Several candidates seeking the votes of area residents to represent them in state and national offices faced-off in a forum Thursday evening, Sept. 13, at the Ogilvie High School auditorium.
Republican State Rep. Sondra Erickson and her Democratic challenger Joe Walsh were the first to answer questions from forum organizers and those in the audience.
Walsh explained to voters why he was running for Minnesota House District 16A, which includes Mille Lacs County and portions of Morrison, Benton and Sherburne counties.
“Simply put — we can do better,” he said. Walsh cited the government shutdown of last year and borrowing from schools and the tobacco fund as the major motivations behind his campaign.
Erickson began the debate by stating her background in agriculture and education make her the ideal candidate for the district.
“I think I understand the district very well,” she said.
Q: What is Minnesota doing right in terms of its lower than national average unemployment rate?
Erickson: Minnesota is “least affected” by economic downturns. She claimed the last two years of policy emanating from St. Paul have kept “you in charge” by holding down taxes and reforming education.
Walsh: “We don’t have a strong economy without an education.” He points to the state’s strong support of education 10 to 20 years ago as a reason why it’s doing better than other regions. “And two, we haven’t implemented things like right to work that bring down wages.”
Q: Property taxes are high for many in this area. What are your plans for Local Government Aid?
Erickson: “Property taxes are a local issue,” she said. “It’s up to counties, townships, cities and school districts to keep a check on levies.” She said many municipalities had asked the legislature to remove the homestead tax credit because they were restricting their ability to collect property taxes. She gave no response on what her plans for LGA would be.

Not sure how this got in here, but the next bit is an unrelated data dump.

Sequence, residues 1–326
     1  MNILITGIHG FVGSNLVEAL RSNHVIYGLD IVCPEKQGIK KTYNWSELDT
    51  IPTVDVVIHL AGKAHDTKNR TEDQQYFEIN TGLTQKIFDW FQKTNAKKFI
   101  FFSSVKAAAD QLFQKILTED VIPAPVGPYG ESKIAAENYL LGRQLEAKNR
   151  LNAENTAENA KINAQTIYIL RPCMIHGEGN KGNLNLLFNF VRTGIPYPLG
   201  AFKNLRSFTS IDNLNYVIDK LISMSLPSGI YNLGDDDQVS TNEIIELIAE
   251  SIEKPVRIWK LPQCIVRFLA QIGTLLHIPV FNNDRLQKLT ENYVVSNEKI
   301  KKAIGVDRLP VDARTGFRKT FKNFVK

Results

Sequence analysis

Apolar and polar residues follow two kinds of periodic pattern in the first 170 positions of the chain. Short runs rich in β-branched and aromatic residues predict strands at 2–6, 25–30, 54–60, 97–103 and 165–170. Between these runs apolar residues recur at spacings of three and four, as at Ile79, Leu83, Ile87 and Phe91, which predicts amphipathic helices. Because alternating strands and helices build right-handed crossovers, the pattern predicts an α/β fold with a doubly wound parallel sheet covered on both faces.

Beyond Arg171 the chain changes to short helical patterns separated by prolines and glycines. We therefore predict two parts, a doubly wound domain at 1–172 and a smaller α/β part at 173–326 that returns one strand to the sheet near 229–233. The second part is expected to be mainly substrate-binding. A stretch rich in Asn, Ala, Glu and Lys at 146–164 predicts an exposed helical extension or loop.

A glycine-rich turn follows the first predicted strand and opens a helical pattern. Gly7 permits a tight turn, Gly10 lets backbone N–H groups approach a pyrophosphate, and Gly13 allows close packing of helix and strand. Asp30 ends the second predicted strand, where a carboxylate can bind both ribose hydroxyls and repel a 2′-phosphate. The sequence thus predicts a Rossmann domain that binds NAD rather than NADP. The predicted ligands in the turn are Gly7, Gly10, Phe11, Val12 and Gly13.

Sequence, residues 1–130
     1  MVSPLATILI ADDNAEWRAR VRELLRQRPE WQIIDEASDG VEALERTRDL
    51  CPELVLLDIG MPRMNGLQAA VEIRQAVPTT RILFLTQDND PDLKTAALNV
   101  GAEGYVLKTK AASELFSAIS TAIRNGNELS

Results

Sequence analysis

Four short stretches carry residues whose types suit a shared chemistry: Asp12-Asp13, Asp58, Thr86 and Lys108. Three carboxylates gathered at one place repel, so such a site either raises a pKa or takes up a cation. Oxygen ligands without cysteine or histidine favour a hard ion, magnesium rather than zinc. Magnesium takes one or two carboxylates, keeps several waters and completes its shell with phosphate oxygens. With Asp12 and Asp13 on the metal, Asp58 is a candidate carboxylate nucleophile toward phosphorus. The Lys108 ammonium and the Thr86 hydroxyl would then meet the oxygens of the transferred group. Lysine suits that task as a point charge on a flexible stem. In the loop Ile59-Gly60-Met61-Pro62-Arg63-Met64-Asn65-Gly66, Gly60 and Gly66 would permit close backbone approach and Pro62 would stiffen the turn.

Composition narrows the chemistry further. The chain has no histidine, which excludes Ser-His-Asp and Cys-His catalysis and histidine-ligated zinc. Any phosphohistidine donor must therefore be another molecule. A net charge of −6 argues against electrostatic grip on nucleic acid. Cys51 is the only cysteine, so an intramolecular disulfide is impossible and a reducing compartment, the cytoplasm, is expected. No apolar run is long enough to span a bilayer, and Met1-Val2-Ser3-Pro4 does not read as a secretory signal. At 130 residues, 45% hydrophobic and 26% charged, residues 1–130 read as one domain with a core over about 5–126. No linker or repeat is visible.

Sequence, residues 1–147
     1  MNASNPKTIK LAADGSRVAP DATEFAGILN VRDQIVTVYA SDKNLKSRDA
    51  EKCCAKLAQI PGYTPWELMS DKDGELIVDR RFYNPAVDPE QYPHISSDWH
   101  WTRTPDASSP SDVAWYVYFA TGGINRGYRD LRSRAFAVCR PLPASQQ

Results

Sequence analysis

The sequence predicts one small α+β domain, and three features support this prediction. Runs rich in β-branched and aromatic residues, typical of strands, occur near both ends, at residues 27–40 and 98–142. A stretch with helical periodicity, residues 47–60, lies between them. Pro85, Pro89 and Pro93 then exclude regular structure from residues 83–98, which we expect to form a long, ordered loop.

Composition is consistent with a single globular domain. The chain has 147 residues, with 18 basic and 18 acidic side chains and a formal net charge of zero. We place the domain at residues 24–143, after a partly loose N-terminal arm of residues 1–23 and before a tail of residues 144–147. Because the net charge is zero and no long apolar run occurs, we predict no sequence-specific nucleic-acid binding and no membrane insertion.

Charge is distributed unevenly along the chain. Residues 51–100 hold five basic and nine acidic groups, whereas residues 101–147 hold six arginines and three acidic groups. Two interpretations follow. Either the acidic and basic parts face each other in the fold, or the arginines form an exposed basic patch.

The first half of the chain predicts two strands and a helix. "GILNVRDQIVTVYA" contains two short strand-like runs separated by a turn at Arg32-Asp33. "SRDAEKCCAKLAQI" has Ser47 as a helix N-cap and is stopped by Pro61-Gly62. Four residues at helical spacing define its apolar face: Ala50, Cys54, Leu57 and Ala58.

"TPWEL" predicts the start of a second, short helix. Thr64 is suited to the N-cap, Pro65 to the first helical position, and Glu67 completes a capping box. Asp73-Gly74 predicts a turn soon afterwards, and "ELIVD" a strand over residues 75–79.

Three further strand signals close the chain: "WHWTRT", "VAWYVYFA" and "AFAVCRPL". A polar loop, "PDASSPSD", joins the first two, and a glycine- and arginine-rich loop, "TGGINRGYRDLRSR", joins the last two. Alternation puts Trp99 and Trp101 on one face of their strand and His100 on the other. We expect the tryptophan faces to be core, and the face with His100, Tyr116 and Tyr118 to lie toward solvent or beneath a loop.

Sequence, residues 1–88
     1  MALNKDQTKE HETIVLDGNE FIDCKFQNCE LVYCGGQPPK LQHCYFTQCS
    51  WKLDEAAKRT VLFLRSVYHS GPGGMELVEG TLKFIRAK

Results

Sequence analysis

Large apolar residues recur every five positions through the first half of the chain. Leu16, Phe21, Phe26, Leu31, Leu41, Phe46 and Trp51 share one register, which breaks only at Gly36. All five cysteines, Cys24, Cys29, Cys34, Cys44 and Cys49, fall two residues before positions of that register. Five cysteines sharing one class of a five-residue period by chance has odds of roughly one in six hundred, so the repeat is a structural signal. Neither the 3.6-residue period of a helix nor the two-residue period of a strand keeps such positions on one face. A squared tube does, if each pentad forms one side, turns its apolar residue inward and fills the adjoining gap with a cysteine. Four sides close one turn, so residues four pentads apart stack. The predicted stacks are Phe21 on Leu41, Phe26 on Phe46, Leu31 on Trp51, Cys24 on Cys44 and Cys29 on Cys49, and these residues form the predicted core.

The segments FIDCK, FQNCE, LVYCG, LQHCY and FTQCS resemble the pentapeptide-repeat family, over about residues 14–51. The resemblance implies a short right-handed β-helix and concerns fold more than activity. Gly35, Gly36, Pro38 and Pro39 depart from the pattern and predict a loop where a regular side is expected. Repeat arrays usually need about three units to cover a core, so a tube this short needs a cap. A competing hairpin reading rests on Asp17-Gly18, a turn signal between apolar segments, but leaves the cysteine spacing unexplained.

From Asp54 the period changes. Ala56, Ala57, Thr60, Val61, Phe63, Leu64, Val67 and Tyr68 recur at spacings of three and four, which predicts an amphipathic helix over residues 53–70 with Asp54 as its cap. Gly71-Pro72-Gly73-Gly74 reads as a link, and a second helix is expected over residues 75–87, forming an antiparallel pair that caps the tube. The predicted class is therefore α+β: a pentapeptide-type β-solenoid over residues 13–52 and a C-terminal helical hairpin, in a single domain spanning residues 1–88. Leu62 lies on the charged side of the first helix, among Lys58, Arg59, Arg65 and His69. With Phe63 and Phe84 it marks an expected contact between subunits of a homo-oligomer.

Walsh: “Property taxes were never meant to be the No. 1 source of revenue in Minnesota,” he said. He criticized the repeal of the homestead tax credit, which he claimed benefits wealthier Minnesotans over the middle class. He said LGA is vital for smaller communities that cannot raise property taxes enough to cover basic needs.
Q: What do you think should be done about the federal investigation into Minnesota’s Medicare system and the proposed audit?
Erickson: “Unfortunately, the audit that the legislature passed doesn’t go into effect until 2014,” she said. Erickson also claimed she would have never authorized an HMO system 20 years ago, but she doesn’t fault the insurance companies involved in the investigation that are accused of over-billing the state.
“We lost track as Minnesotans as to what happened to us regarding these HMOs,” she said. “The accountability and transparency needs to be reinstated. Certainly fraud in government is something that needs to be taken seriously.”
She said the audit should go back as far as it needs to and that reimbursements need to be made.
Walsh: “Let’s be very clear here,” he said. “This is not a case of government fraud. This is a case of government allowing private business to run wild.” He added the audit needs to go back far enough to see how much was “stolen from our state.”
“We need to recoup that money. The statistics show that they essentially overcharged,” he said. “Government isn’t the problem in this circumstance. It’s a problem of … government passing the buck on to the private sector.”
Q: What are your views on the constitutional amendment on voter ID?
Erickson: She said some type of voter ID proposal has been circulating the capitol since 2000.
“This is not a new issue and it didn’t consume that much time at the legislature,” she said. Erickson added that the cost won’t be as much as has been reported and if people need identification for all sorts of other things, so why not voting.
Walsh: “When we elected our legislators in 2010, we sent a very clear message that jobs and the economy were our No. 1 priority,” he said. “And what we got was two constitutional amendments.”
He said the voter ID proposal on the ballot is another “unfunded mandate” and favors instead electronic poll books. Walsh claimed that option is less expensive and will identify felons not eligible to vote.
“It doesn’t say on your driver’s license whether or not you’re a felon,” Walsh said. “This is a distraction. This is a solution looking for a problem.”
For the full story, see the Thursday, Sept. 20 print edition of the Times. See next week’s Times for coverage of the Sen. Dave Brown and Sally Knox exchange.